The court stated in Brown v. Merlo[18] that the numerous statutory exceptions had rendered recovery or lack of recovery under *889 the guest statute largely fortuitous and added another element of irrationality to the statutory scheme. The court explained that the relationship giving rise to liability between the driver and occupant might fluctuate during the course of a single ride, as circumstances brought them within and without the language of the statute. The court observed that the statute distinguished guests on the basis of (1) whether or not the journey had come to a momentary halt; (2) whether the guest was physically located inside or outside the car; (3) whether the car was on a public highway or private land. The court found that these statutory exceptions operated so illogically as to cause serious inequality and that they did not bear the remotest relation to either the objective of protecting hospitality or preventing collusive lawsuits. The court concluded that under these circumstances, the limiting provisions of the statute constituted further denial of equal protection.

In Andrus v. Allred,[19] this court stated that Section 41-9-1, U.C.A. 1953, should be given a sufficiently practical and reasonable application to cover incidents which occur as an integral part of the ride. This court declined to give the statute such a narrow and literal interpretation as to eliminate incidents which might occur while the vehicle was stopped, however briefly and for any purpose. This court stated:[20]

It is our opinion that a sensible and realistic application of this statute, in conformity with its objective, requires that the protection extend over the entire host-guest relationship in connection with the giving and taking of the ride... . the host-guest relationship here must also include getting into the car at the beginning and getting out of it when the ride is completed and any incidents which happen in the course of and arising out of the ride... .

The interpretation of the guest statute by this court has averted the alleged irrationality in the statutory classification which disturbed the court in Brown v. Merlo. Furthermore, the Equal Protection Clause does not compel the State to attack every aspect of a problem or to refrain from any action at all; it is sufficient that the State's action be rationally based and free from invidious discrimination.[21]

The rulings of the trial courts in these actions sustaining the constitutionality of Section 41-9-1, U.C.A. 1953, are affirmed. Costs are awarded to defendants.

ELLETT and TUCKETT, JJ., concur.

HENRIOD, Justice (concurring).

I concur, except to say that I can see no relevancy whatever in the case of Andrus v. Allred, cited in the opinion, as to the facts or problems involved in the instant case.

CROCKETT, Justice (concurring specially).

I am impelled to forswear joining in expatiation upon a case of a sister state, which we decline to follow anyway. In addition to not being binding on us in any event, it is decided against a background of law significantly different from our own, and it impresses me as mainly concerned with rationalizations toward a desired result of repudiating their statute.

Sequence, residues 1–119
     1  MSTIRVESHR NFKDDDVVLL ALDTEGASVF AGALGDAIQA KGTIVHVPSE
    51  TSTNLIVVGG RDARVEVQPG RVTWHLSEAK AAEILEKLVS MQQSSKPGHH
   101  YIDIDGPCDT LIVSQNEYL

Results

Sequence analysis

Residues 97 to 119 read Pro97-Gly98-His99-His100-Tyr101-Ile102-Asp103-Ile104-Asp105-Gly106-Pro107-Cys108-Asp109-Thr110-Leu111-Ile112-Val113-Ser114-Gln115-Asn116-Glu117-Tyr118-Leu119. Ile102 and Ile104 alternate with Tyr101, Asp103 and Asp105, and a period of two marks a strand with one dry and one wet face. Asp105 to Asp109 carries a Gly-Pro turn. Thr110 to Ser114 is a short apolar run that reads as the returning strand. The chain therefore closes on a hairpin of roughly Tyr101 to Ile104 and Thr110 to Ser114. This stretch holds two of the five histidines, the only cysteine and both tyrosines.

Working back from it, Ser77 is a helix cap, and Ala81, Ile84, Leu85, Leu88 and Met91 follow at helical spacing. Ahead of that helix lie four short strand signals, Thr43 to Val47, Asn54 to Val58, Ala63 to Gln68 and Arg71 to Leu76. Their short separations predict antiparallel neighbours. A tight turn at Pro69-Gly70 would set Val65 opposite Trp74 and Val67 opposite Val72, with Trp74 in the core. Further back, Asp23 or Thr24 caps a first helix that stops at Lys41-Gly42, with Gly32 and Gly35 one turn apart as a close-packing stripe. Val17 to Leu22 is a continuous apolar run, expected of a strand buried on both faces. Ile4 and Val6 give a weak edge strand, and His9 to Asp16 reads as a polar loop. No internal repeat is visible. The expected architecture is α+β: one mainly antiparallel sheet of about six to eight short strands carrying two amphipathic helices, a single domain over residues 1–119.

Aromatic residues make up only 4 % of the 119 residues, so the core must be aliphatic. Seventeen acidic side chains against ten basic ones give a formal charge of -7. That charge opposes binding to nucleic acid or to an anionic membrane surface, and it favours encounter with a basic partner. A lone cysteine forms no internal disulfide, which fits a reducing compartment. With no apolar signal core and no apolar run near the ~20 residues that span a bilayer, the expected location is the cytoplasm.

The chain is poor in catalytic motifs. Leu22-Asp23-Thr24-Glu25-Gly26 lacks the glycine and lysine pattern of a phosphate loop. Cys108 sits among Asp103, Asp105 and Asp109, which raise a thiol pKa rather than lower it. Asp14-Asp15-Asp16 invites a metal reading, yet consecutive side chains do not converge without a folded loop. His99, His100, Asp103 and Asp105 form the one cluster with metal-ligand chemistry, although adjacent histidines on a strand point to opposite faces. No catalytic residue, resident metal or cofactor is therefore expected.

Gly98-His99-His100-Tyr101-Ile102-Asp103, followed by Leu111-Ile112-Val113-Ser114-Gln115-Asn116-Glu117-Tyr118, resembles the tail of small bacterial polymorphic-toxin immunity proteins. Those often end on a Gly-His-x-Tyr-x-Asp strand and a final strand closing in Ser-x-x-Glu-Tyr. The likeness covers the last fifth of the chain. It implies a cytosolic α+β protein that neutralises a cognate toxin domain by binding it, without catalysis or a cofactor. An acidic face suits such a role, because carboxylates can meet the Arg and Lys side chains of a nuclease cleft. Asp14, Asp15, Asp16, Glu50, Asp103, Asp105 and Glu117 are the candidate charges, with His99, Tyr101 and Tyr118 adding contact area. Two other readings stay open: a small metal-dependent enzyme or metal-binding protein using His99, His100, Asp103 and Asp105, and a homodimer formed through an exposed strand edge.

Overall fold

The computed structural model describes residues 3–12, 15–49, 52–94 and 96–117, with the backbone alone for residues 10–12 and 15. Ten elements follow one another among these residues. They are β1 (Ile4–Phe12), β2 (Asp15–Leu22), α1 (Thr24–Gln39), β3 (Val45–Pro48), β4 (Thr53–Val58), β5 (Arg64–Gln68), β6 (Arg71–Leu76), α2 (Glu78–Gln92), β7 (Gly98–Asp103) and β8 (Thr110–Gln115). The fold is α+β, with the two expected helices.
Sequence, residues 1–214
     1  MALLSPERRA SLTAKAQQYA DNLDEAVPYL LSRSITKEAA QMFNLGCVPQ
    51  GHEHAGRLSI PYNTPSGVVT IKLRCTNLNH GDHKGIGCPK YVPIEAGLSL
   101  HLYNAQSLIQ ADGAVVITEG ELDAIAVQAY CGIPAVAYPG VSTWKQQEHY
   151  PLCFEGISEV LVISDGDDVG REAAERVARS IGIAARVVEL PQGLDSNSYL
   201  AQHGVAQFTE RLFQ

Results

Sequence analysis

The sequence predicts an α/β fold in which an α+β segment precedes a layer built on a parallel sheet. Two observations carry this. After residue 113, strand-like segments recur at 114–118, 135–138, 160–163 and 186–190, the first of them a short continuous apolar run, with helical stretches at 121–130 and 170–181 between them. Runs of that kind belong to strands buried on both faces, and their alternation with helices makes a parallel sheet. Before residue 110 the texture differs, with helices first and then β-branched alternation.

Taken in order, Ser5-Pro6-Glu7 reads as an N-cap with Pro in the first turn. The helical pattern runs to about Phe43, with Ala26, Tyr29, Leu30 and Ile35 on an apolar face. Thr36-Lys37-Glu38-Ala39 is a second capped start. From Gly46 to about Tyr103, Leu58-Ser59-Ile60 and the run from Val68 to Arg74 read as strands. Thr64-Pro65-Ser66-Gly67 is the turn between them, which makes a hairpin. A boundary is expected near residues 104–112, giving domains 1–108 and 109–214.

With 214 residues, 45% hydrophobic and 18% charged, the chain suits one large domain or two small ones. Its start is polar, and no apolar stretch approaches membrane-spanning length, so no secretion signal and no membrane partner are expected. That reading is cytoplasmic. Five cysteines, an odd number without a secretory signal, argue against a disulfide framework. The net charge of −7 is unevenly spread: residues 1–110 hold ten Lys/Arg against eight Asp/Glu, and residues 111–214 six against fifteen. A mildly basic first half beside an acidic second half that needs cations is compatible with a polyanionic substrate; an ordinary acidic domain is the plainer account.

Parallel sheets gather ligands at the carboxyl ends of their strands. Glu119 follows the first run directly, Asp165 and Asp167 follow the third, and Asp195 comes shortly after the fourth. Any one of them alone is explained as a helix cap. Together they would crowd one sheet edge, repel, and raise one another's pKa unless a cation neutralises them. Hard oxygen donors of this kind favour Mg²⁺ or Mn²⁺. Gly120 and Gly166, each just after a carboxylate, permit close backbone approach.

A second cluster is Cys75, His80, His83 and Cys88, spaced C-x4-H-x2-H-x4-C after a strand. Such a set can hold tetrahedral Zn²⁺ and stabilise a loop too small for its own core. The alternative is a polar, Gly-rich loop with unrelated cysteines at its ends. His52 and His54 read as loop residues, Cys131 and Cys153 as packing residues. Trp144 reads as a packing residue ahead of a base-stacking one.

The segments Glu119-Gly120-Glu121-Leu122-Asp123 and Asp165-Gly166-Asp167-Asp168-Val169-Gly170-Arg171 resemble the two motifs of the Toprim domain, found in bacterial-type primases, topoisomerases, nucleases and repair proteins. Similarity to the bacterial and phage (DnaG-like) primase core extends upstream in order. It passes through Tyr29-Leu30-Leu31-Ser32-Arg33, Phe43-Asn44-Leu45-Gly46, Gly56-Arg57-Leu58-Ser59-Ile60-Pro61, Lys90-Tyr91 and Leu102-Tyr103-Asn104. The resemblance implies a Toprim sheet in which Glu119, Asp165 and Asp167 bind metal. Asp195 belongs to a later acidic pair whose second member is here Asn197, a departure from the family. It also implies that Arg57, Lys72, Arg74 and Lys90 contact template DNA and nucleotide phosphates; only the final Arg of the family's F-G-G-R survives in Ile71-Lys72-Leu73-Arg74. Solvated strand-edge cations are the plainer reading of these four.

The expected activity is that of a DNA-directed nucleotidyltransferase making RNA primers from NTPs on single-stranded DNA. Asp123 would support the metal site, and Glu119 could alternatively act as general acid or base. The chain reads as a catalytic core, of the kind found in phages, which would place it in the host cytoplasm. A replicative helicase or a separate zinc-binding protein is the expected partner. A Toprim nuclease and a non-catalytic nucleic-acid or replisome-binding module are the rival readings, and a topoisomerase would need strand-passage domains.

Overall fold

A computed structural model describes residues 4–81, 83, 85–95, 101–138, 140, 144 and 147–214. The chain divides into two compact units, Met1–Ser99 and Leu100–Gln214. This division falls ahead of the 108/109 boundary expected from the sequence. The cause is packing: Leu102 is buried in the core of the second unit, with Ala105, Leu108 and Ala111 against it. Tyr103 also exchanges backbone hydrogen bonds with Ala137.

Consequently, I desire to state briefly my own reasons for refusing to strike down our own:

(1) Our guest statute was enacted by the legislature advisedly, to alleviate actual abuses which had occurred, and were occurring.[1] *890 (2) Although it has not completely cured the ills it was aimed at, when properly applied, it has had the salutary effect of minimizing them. (3) It has been in effect for over 40 years.[2]

Inasmuch as it came into being as an expression of the will of the people through legislative enactment, if there is to be any such substantial and important change in the law it should be by that same process, and not by judicial pronouncement.[3]


[1] 8 Cal. 3d 855, 106 Cal. Rptr. 388, 506 P.2d 212 (1973).

[2] Rowland v. Christian, 69 Cal. 2d 108, 70 Cal. Rptr. 97, 443 P.2d 561, 32 A.L.R.3d 496 (1968).

[3] No. 6 at p. 395 of 106 Cal. Rptr., no. 6 at p. 219 of 506 P.2d.

[4] Note 2, supra.

[5] Note 1, supra.

[6] Stevens v. Salt Lake County, 25 Utah 2d 168, 478 P.2d 496 (1970); Wood v. Wood, 8 Utah 2d 279, 333 P.2d 630 (1959); Tempest v. Richardson, 5 Utah 2d 174, 299 P.2d 124 (1956); Hayward v. Downing, 112 Utah 508, 189 P.2d 442 (1948).

[7] Note 1, supra.

[8] Note 2, supra.

[9] Footnote 3, p. 513 of 32 A.L.R.3d.

[10] 280 U.S. 117, 50 S. Ct. 57, 74 L. Ed. 221 (1929).

[11] At pp. 122-123 of 280 U.S., at p. 58 of 50 S.Ct.

[12] At pp. 123-124 of 280 U.S., at p. 59 of 50 S.Ct.

[13] 397 U.S. 471, 485, 486-487, 90 S. Ct. 1153, 1161, 25 L. Ed. 2d 491 (1970).

[14] Jensen v. Mower, 4 Utah 2d 336, 294 P.2d 683 (1956).

[15] Note 1, supra.

[16] 58 Cal. 2d 692, 26 Cal. Rptr. 102, 376 P.2d 70 (1962).

[17] 14 Utah 2d 344, 384 P.2d 389 (1963).

[18] Note 1, supra.

[19] 17 Utah 2d 106, 404 P.2d 972 (1965).

[20] At p. 110 of 17 Utah 2d, at p. 974 of 404 P.2d.

[21] Dandridge v. Williams, note 13, supra.

[1] See discussion of justification of this statute based on the use of automobiles as such an essential and important aspect of modern living that it is an appropriate subject for special classification and legislation thereon, and the salutary purposes justifying the statute as set forth by Justice Worthen in Jensen v. Mower, 4 Utah 2d 336, 294 P.2d 683; and see also Andrus v. Allred, 17 Utah 2d 106, 404 P.2d 972.

[2] Originally enacted in Chap. 52, S.L.U. 1935.

[3] See statement Stanton v. Stanton, 30 Utah 2d 315, 517 P.2d 1010, and authorities therein cited.